Best Practices with Forms

The last post about PHP form handling (forms with php) focused on the basics - the HTML syntax and simple PHP necessary for an operating form. There were several pieces that I glossed over in the explanation for the setup of that form that I want to go over in more detail now. You can create a form using many different techniques... but some practices are better than others.

Use Standard Elements

By using Javascript or tweaking HTML elements you can create a working form without the standard form elements (input, textarea, checkbox, etc). Normal HTML form elements often have annoying default styles added to them by different browsers that may conflict with your design. While it may seem like a good idea to hack their behavior, there are two reasons why you shouldn't.

First, if you don't provide graceful degradation, there's a good chance that your tweaks may make your form unusable by more basic browsers and systems (like screen readers!). Second, users are used to certain standards within their browser. If an element looks like a form input, they know to click and type within the box. However, if you make it appear to have cool rounded corners or heavily modify the behavior, a user may become confused and leave the form behind.

Use 'post' Over 'get'

One of the optional attributes of the form element is the 'method' setting, which can have either a 'get' or 'post' value. By setting this to get, all of your form parameters will be passed through the URL address. Unless you're interested in unique URLs for SEO, this is probably not the best way to handle forms. There are character limits for the URL string (varying by browser) that may cut off some of the form input. Also, someone could re-submit the form just by visiting a specific URL with parameters passed in. If you use 'post' for your forms, than you keep your parameters relatively secure, URLs clean, and form data intact.

Keep the Form Submission on the Same URL

The 'action' attribute of the form element is a required field. This defines where the form values are sent after the 'submit' button is pressed. It is common for web developers to send this information to a separate script on their server, which validates and processes the form values. However, if a field does not pass validation, the error will than show up on a separate page and force the user to go back to the form page to try again. It is much better to show the error right next to the form, or having the form processing happen under the same URL that the original form existed on. By keeping the 'action' attribute blank, the form values is sent to the same page that the form is on, keeping all of your form logic under a single script and giving the user a better form experience.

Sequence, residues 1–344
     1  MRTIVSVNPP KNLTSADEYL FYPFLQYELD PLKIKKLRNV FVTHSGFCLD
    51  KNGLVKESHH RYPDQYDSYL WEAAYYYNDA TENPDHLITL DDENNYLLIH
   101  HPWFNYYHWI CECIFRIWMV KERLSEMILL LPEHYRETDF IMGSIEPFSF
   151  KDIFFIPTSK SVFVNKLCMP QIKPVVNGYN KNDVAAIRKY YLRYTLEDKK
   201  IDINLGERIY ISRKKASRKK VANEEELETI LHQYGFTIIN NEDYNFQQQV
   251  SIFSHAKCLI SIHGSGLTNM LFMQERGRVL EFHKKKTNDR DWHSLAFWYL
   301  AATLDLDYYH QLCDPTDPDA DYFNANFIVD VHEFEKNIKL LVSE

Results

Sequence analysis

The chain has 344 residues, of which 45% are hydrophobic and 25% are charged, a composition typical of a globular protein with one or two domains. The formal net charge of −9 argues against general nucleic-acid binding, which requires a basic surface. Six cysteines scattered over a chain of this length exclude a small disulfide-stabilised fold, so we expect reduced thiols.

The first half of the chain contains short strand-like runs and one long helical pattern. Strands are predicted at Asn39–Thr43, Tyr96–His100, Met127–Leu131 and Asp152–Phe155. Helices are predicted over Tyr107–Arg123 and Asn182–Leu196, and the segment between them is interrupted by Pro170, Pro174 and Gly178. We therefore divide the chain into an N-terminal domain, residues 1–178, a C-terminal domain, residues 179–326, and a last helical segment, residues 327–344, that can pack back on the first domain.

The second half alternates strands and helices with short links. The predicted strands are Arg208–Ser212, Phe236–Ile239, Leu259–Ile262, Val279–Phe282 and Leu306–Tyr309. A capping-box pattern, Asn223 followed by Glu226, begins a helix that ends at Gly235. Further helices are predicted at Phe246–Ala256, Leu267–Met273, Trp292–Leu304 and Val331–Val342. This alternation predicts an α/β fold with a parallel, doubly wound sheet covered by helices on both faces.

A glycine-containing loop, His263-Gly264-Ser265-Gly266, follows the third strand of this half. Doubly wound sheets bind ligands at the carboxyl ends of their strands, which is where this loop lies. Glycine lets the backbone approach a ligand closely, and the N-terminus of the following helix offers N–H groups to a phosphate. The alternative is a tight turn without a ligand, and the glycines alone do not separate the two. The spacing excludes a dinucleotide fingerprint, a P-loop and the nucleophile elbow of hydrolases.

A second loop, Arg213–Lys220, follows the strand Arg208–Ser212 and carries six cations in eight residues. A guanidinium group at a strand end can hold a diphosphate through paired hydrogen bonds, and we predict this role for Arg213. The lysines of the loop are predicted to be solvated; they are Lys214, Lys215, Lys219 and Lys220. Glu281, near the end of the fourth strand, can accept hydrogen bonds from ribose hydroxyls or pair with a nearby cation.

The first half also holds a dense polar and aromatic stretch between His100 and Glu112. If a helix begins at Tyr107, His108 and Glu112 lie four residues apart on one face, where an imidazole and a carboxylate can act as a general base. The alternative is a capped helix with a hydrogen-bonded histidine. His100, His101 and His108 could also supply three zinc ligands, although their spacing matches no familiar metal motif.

Check 'submit' Element Before Other Form Elements

A good thing to check for first with a validation script (especially if the validation is occuring on the same page as your form) is if the form was actually submitted or just accessed by the correct URL address. You could check individual fields from the form, but they may not have been filled out. The best way to check to see if a form has been submitted is via the 'submit' button, which also has a name and value defined in the HTML. This also gives you the option to have separate submit buttons with different values, which could pass to different processing options in your script.

Validate Everything Several Times Over, Consistently

There are many ways to perform validation checks depending on the expected values from your form (preg_match, php validation filters, is_numeric, etc). It's important to be thorough during this process, especially when checking to make sure that a value was passed in from the front-end. The values '0', 'false', and '' could all return false if you check if($_POST['name'])... Which is why you need to check if isset(), strlen() (if needed), followed by an actual validation check. Think of the potential return values of both the form element and how your statements may convert it to a boolean during the processing stage.

If you're using ajax validation, it's a good idea to utilize the same checks for both the ajax checks and php submission (even if you have ajax form submission). Don't rely on the ajax 100% to catch all potential issues, and don't confuse your users by setting two separate standards with the ajax and php validations.

There are other best practices to keep your eyes out for, but these are some good starter ones. In my next post I'll be introducing the form logic I use with my MVC, with plenty of OO goodness to boot.